The vas deferens closest to the testicle and just before the epididymis is the convoluted portion of the vas. As you see above the vas then “straightens out” the further you get away from the testicle.
Above you see the “old vasectomy” site marked and it is in the mid scrotal area and in the straight not convoluted portion of the vas. This is the ideal location for the reversal doctor because it is away from the inguinal area and up from the smaller and more difficult to isolated convoluted portion.
Although you can feel the vasectomy site through the scrotal skin preoperatively, you really cannot tell where in the course of the vas it actually is.
Recently I performed a reversal and both sides of the vasectomy site were in the convoluted portion of the vas and close to the epididymis. This required more dissection to reach and it is tricky to get a portion of the convoluted vas to reconnect that is straight (as opposed to curved away from the other side of the vas).
So yes if the person who did the vasectomy happened to do it in the middle, that is away from the inguinal area as well as away from the convoluted portion of the vas then the procedure is much easier to locate, to prepare for the reversal, and to perform the reversal.
You might ask, ” Why wouldn’t every urologist make a point to do the vasectomy in the best position in case a reversal has to be done years later.”
Well a reasonable enough question but there are two factors to consider as to why urologists don’t think this way.
- Vasectomies are usually done in the office under local anesthesia and depending on the patient and the patient’s scrotal anatomy…he gets the vas where he can get it…i.e. sometimes you can’t pick and choose a site the patient’s anatomy dictates that.
- Also, the vasectomy is supposed to be considered permanent and the primary goal is a good vasectomy and prevention of pregnancy. Vasectomies are not and probably should not be done with the idea in mind that the patient will reverse it.
- In my practice if I were asked to do the vasectomy so it could be more easily reversed, I’d probably tell the couple to re consider a vasectomy until they felt it was permanent and they had no plans for further children.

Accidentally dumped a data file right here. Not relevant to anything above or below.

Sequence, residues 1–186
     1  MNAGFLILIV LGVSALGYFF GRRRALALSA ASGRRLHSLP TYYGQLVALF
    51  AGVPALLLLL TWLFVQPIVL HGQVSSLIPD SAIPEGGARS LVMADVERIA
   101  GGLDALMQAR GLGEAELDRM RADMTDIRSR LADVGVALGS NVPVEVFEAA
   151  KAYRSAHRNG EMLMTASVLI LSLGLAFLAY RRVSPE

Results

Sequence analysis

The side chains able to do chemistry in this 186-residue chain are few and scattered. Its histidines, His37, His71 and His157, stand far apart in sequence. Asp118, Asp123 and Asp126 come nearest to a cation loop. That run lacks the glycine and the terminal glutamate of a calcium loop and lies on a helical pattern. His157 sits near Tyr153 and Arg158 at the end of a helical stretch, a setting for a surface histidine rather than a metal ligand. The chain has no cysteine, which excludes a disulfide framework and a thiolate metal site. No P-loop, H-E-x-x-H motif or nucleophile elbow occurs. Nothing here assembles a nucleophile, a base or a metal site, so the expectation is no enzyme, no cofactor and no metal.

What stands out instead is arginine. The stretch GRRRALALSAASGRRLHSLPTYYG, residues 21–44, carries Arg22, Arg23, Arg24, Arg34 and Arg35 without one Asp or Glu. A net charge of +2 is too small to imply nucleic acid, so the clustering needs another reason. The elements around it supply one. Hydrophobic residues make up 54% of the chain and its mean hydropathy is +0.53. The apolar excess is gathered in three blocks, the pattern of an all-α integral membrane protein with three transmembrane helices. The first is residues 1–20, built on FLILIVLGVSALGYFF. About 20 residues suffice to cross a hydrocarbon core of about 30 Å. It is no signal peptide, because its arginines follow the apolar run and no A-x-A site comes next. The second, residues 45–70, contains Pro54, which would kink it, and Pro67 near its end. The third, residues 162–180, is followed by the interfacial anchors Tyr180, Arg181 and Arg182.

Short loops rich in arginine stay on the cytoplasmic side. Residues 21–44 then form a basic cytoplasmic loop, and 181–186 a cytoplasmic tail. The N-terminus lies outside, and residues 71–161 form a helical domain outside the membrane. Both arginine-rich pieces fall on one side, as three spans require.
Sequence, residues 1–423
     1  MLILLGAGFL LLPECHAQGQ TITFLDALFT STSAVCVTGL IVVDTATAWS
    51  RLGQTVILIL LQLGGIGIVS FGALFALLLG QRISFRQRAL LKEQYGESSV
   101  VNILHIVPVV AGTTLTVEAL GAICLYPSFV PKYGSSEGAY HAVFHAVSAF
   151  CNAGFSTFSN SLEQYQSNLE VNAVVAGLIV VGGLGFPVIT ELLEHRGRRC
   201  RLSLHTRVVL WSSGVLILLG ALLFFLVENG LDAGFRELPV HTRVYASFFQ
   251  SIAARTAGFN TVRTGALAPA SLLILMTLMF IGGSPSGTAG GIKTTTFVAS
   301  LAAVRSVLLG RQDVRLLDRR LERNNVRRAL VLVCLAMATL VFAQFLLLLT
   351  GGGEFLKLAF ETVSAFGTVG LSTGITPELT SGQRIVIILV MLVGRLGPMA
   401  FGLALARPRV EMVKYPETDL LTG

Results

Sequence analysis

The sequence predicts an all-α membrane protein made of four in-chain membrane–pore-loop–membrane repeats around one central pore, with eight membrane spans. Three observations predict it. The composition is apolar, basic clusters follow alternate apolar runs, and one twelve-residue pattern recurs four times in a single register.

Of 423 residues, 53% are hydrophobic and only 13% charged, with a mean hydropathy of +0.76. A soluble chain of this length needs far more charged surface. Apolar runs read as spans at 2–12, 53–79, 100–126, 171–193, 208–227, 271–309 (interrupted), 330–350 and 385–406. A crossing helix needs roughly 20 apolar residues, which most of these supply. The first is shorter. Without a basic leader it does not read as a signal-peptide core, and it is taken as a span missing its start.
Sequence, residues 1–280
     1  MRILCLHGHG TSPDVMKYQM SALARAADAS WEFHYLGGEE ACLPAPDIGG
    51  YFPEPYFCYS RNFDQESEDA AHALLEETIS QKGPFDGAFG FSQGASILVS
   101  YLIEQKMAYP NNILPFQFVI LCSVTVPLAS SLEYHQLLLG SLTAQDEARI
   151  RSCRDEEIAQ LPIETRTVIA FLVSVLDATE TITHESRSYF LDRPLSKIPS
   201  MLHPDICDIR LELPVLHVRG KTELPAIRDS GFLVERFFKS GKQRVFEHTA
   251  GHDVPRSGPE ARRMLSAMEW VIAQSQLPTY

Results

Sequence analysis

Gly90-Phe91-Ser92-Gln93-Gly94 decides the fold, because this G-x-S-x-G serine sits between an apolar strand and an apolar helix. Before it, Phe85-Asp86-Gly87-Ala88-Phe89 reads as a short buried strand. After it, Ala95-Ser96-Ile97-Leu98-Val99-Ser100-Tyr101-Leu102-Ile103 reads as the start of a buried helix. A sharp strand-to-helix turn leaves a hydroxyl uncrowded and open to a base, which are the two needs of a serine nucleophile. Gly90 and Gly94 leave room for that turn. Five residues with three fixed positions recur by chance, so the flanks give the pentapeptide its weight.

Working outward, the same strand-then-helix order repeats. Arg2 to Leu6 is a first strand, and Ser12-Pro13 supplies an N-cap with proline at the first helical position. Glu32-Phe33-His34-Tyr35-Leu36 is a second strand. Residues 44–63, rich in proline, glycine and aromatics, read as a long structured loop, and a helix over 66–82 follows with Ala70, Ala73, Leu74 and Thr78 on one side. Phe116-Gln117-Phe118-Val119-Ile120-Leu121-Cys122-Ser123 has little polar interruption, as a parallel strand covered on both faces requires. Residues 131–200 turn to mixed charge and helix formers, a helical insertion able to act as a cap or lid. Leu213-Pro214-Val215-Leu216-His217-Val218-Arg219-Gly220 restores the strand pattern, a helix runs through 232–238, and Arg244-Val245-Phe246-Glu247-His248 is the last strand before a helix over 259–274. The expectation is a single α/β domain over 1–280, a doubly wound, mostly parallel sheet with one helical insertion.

- Having said that, a urologist can try to make a point to be “in the middle” but as I mentioned sometimes you take the vasectomy site where the patient’s scrotum gives it to you.
Vasectomy Reversal after Obstructive Intervals
Urology – March 1, 2003 – Vol. 17 – No. 09
Even after prolonged obstructive intervals of 15 to 20 years, vasectomy reversal offers better or comparable success rates to intracytoplasmic sperm injection.
Article Reviewed: Outcomes for Vasectomy Reversal Performed After Obstructive Intervals of at Least 10 Years. Kolettis PN, Sabanegh ES, et al: Urology 2002; 60 (November): 885-888.
Outcomes for Vasectomy Reversal Performed After Obstructive Intervals of at Least 10 Years.
Kolettis PN, Sabanegh ES, et al:
Urology 2002; 60 (November): 885-888
Continue reading Vasectomy reversal vs. ICSI after prolonged obstructive interval since vasectomy. Which is better?
Answer: One month is the usual recommendation however, I have had couples tell me (I am not making this up) that they had sex the evening of the procedure and that the reversal resulted in a baby.
The microscopic reversal is watertight from the microscopic sutures (meaning conceivably that tube is patent from the get go and that sperm can traverse the reversal without leakage) however there are other areas of the procedure that need to heal as well. So the one month of waiting is for everything to heal properly- from the skin incision, to the vessels that surround the vas deferens and the repair itself.